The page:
Best known for his work in acclaimed JOVM mainstay act The Orielles, Halifax, UK-born, Manchester-based singer/songwriter and multi-instrumentalist Henry Carlyle stepped out into the spotlight as solo artist with 2021’s “The Ground,” a song that found The Orielles co-founder eschewing the disco floor strobe lights for thoughtful and lived-in lyricism and an intimate, dusty, lo-fi-like production.
Described by Carlyle as “a song about displacement,” the song’s origins can be traced back to a winter day in which the Halifax-born, Manchester-based singer/songwriter and guitarist began writing down his fractious thoughts of his unanchored passing through time and space. “It was inspired by floating through the universe and through time bouncing off events and other humans, never really knowing where you should be or what you should be doing anyway” Carlyle explained in press notes.
Carlyle’s second solo single “A Bigger Splash,” continued his collaboration with Julia Bardo (vocals) and Jack Bogacki (drums). The song was a strangely euphoric yet uncomfortably intimate song centered around Carlyle’s aching, world weary delivery, jutting and angular guitar attack and his unerring knack for razor sharp hooks. While sonically nodding Damon Albarn and Pavement among others, the song’s relatively young narrator is struggling with the difficulties and uneasiness of existence — as everyone has been for quite some time.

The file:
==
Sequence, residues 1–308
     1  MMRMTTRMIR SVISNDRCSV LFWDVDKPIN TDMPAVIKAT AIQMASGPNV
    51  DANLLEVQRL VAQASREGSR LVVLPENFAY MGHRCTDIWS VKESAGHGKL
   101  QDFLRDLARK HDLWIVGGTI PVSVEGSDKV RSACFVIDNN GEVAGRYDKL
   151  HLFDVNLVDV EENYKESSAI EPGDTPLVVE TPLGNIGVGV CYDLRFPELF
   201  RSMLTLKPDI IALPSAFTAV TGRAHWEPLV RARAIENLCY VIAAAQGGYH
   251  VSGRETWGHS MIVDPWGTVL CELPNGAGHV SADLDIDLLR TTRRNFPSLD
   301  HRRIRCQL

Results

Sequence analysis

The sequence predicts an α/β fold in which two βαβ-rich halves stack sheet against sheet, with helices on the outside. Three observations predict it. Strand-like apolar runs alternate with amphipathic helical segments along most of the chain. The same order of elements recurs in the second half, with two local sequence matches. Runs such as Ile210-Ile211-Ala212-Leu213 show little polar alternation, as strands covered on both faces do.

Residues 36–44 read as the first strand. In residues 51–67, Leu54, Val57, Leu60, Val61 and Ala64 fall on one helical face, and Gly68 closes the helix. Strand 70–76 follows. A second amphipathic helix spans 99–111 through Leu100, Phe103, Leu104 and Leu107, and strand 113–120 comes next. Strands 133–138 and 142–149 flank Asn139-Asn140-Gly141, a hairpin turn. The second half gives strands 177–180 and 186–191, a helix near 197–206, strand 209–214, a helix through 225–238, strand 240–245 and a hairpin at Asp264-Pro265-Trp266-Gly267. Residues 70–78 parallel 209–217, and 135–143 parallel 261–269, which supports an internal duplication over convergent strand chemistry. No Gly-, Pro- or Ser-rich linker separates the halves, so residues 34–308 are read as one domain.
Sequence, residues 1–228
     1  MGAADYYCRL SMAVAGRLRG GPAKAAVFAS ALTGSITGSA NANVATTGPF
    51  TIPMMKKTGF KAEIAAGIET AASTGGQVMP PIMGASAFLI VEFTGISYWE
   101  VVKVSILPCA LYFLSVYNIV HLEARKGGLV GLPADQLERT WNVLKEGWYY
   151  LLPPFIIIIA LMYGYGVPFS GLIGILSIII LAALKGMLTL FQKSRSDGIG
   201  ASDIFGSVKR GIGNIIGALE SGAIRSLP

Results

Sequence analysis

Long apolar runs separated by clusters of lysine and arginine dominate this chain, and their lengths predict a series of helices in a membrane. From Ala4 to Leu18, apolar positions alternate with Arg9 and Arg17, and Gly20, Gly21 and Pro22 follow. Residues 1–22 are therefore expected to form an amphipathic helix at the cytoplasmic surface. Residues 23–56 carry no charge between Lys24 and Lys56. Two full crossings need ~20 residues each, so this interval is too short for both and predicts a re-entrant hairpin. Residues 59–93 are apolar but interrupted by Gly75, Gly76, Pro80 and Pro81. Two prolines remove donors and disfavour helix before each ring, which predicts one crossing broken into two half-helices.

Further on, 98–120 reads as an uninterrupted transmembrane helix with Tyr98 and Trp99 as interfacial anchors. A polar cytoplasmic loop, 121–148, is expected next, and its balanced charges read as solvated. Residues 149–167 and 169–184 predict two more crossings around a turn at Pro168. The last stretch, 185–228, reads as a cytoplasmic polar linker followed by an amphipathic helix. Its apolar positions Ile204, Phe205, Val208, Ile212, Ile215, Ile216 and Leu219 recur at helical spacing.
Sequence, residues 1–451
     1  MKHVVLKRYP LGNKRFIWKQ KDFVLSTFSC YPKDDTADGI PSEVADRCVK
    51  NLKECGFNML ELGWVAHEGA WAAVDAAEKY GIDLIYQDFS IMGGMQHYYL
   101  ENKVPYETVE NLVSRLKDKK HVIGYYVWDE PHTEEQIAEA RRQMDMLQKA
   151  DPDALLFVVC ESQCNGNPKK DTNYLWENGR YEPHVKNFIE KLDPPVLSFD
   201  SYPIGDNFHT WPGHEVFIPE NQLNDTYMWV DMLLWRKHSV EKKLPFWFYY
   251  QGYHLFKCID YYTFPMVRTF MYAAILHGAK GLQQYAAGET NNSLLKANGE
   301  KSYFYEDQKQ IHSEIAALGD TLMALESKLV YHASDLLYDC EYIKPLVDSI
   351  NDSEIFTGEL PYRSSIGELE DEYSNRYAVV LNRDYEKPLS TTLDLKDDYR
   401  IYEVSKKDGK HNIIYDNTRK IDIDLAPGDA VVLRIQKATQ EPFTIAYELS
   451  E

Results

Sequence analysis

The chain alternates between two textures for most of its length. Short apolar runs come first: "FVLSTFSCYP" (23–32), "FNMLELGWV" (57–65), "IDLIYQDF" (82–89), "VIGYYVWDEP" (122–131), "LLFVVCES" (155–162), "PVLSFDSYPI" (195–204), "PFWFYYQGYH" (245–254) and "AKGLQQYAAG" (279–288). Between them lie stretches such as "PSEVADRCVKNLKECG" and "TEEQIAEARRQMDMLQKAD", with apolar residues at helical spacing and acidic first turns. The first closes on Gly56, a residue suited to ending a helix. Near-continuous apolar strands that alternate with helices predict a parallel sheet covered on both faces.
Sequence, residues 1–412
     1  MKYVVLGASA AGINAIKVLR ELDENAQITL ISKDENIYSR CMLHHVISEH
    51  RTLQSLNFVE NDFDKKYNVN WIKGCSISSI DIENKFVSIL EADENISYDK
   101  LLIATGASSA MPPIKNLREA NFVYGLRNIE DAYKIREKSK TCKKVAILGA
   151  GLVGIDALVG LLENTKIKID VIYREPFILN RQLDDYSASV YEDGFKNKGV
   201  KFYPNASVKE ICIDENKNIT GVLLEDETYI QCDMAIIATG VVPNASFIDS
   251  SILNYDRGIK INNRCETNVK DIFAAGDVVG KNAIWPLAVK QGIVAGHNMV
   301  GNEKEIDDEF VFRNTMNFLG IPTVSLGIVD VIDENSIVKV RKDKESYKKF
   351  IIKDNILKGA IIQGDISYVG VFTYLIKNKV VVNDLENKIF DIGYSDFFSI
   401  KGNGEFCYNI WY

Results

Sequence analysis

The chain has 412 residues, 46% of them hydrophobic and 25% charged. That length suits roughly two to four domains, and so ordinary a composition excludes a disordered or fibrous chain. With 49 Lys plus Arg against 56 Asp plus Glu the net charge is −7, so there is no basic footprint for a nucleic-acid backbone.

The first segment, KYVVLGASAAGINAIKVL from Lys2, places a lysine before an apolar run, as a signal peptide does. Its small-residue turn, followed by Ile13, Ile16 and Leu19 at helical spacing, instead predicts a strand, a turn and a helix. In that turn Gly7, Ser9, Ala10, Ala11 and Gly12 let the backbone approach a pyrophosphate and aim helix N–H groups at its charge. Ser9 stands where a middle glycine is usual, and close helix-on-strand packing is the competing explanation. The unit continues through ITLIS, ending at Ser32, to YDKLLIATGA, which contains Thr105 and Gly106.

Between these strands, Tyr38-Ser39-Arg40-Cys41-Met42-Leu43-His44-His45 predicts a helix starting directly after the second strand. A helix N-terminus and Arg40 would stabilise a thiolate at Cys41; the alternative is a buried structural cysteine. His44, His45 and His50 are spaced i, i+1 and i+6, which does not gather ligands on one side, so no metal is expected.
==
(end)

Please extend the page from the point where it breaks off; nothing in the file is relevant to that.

Written as a by-product of “going through stuff and nothing the time to think properly,” Carlyle explains that “I was thinking how these formative years might affect people as they move on. Which is why the song’s initial musical idea stuck with me and interested me a lot as a theme; it fluctuates between two keys, the end improvisation being the ultimate meditation in that idea. it all feels as I felt, in turmoil.”
“The lyrics are mostly about self-medicating, trying to instantly feel better for a transient moment and then reeling from that for a longer period of time than the intended relief,” Carlyle adds. “Which is why the chorus only comes once and is only two lines long. Nothing good lasts too long and goodness changes all the time.”
Carlyle’s latest single “I Float” is a brooding and atmospheric track built around twinkling synths, rumbling low end, skittering boom bap-like drumming and brief bursts of scorching guitar feedback paired with Carlyle’s chilly and detached delivery. “I Float” manages to simultaneously seem informed by — and mirror — the adventurous sonic approach developed for The Orielles’ Tableau while evoking the unease of a forced isolation in which the narrator endlessly replays his thoughts and failures.
This winter crept up on us. I started writing a lot of music on this synth I bought back in October,” Carlyle explains. “During dark evenings I built up an ambient track, ‘Prelude’ and when I finished that I realised it was the element ‘I Float had been missing. Through its many iterations, I struggled to get close enough to expressing the song’s idea until then.
“It’s about floating on through, not being present, doing what you’ve got to do. In a sense, it’s about living a minimal existence until you feel well enough to thrive again.”
Shot by Giuilia Bonometti, the accompanying video is based on a concept by Carlyle and Bonometti: We see Carlyle wearing a white jumpsuit in a park at night, bopping and bouncing around to the song’s skittering beats, appearing as though he were in a mosh pit by himself.